It's too early to say what the consequences will be for Red Bull if the German Grand Prix stewards agree with FIA technical delegate Joe Bauer's conclusions that Red Bull is in breach of Article 5.5.3 of the F1 technical regulations.
But the allegations are serious.
The regulation in question, which is new to the F1 technical regulations this year, states that: "The maximum accelerator pedal travel position must correspond to an engine torque demand equal to or greater than the maximum engine torque at the measured engine speed. The minimum pedal travel position must correspond to an engine torque demand equal to or lower than 0Nm."
In simple terms, this regulation dictates that there must be a linear relationship between the throttle pedal position and the torque demand on the engine.
Bauer's statement, released by the FIA, drew two conclusions, the first is that "the maximum torque output of both engines is significantly less in the mid rpm range than previously seen for these engines at other Events.
"In my opinion this it is therefore in breach of Article 5.5.3 of the 2012 Formula One Technical Regulations as the engines are able to deliver more torque at a given engine speed in the mid rpm range."
This suggests that the maximum torque demand seen in the middle of the rev range is lower than the FIA knows the engine to be capable of from previous races. This would mean that the relationship between throttle pedal position and torque demand is therefore not linear, creating a traction control-style effect.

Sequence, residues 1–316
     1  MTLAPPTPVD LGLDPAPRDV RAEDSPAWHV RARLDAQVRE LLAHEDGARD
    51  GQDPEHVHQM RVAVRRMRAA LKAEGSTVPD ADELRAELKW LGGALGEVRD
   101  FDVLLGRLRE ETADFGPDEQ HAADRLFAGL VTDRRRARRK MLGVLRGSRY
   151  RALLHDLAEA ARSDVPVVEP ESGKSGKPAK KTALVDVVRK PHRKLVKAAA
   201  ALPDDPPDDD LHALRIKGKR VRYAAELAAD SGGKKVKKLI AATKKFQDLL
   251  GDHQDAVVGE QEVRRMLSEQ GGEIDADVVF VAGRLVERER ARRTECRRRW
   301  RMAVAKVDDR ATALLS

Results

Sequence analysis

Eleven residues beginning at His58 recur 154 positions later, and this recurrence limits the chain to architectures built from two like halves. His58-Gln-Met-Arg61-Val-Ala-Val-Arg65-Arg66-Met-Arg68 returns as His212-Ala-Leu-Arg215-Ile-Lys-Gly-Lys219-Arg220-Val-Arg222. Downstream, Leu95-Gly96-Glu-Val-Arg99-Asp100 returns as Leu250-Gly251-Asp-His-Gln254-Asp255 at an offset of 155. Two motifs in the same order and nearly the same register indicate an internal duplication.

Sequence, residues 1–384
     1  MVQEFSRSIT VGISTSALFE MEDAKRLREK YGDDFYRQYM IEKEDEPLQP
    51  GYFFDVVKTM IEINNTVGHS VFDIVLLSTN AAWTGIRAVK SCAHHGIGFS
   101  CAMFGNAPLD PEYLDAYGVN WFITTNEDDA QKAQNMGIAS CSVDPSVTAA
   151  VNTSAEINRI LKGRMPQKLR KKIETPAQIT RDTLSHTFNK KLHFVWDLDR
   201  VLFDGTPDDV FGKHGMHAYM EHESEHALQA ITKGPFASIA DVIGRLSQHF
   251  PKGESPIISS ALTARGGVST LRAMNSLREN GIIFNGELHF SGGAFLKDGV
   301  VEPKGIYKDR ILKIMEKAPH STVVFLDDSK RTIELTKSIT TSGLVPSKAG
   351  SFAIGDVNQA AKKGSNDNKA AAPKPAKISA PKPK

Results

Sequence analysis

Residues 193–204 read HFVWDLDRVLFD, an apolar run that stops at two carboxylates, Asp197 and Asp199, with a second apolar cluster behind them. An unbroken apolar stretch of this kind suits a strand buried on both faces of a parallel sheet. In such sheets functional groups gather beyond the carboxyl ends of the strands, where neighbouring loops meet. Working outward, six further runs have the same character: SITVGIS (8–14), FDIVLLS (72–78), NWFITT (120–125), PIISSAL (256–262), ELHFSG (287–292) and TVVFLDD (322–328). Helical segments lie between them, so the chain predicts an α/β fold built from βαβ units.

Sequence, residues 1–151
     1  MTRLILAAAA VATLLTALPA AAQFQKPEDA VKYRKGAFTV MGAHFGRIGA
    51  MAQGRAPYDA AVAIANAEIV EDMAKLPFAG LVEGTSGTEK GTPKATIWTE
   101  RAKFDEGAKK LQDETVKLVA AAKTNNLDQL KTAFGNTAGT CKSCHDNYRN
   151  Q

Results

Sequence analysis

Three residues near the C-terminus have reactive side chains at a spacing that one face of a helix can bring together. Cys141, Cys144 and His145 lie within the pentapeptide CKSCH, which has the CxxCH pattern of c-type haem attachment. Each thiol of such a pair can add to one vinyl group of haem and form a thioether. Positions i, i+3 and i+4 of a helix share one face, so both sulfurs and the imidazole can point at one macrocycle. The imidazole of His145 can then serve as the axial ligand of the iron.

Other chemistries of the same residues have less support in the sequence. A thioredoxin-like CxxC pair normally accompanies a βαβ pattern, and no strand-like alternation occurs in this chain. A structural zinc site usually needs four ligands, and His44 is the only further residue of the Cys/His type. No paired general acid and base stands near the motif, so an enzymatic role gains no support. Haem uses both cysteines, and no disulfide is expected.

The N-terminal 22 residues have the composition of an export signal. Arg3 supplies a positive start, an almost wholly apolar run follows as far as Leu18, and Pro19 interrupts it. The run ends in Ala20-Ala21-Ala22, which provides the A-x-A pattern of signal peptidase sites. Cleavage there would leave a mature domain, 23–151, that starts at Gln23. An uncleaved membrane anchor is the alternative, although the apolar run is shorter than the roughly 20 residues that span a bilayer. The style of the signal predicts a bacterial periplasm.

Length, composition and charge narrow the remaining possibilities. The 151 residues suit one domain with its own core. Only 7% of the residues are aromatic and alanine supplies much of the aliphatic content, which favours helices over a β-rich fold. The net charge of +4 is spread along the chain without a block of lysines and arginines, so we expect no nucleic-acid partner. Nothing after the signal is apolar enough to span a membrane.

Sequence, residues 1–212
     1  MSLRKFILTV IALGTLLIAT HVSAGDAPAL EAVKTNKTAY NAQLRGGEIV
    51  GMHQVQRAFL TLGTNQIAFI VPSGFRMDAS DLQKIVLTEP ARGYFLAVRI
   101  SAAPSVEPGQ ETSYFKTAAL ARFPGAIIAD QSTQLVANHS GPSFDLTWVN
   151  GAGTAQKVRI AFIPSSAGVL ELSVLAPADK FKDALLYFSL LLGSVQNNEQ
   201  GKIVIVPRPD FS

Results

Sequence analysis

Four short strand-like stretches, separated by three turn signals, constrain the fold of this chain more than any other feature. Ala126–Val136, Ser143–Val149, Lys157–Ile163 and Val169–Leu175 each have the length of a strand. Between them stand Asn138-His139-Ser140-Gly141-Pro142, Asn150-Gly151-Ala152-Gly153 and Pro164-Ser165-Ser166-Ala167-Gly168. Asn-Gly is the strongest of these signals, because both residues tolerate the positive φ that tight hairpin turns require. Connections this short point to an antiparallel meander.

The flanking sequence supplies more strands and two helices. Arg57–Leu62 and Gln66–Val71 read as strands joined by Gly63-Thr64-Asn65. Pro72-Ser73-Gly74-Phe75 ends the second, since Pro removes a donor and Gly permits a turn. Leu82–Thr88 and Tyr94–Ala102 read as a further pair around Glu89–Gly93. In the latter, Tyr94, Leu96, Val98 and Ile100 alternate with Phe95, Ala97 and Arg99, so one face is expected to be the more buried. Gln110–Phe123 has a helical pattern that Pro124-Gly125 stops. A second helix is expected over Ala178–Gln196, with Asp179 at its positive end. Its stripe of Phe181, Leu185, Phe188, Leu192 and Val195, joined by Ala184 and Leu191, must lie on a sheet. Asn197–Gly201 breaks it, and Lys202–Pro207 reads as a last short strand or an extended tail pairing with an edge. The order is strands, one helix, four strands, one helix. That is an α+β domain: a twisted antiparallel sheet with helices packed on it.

The second conclusion was that "this new torque map will artificially alter the aerodynamic characteristics of both cars". This alludes to off-throttle exhaust blowing, a system which the 2012 regulations were designed to outlaw.
Should the FIA race stewards, which includes former grand prix driver Derek Warwick, concur with Bauer, then it is inevitable that action will be taken.
If they do not, then the car will be deemed legal and not in contravention of Article 5.5.3.
Among the most likely initial outcomes would be the exclusion of Red Bull drivers Sebastian Vettel and Mark Webber from qualifying, or even from the entire weekend. This would likely trigger an appeal, meaning that it's possible that they could start the race, with the FIA hearing the appeal at a later date and applying any punishment retrospectively.
Further sanctions cannot be ruled out if Red Bull is found guilty. This could even stretch to race bans, similar to the two-race exclusion of the BAR team in 2005 applied after it was found to be using fuel as ballast. At this stage, however, there is no suggestion from the FIA that this will happen.
Whatever happens, it's likely that the debates about the legality of the Red Bull-Renault RB8 will carry on beyond today.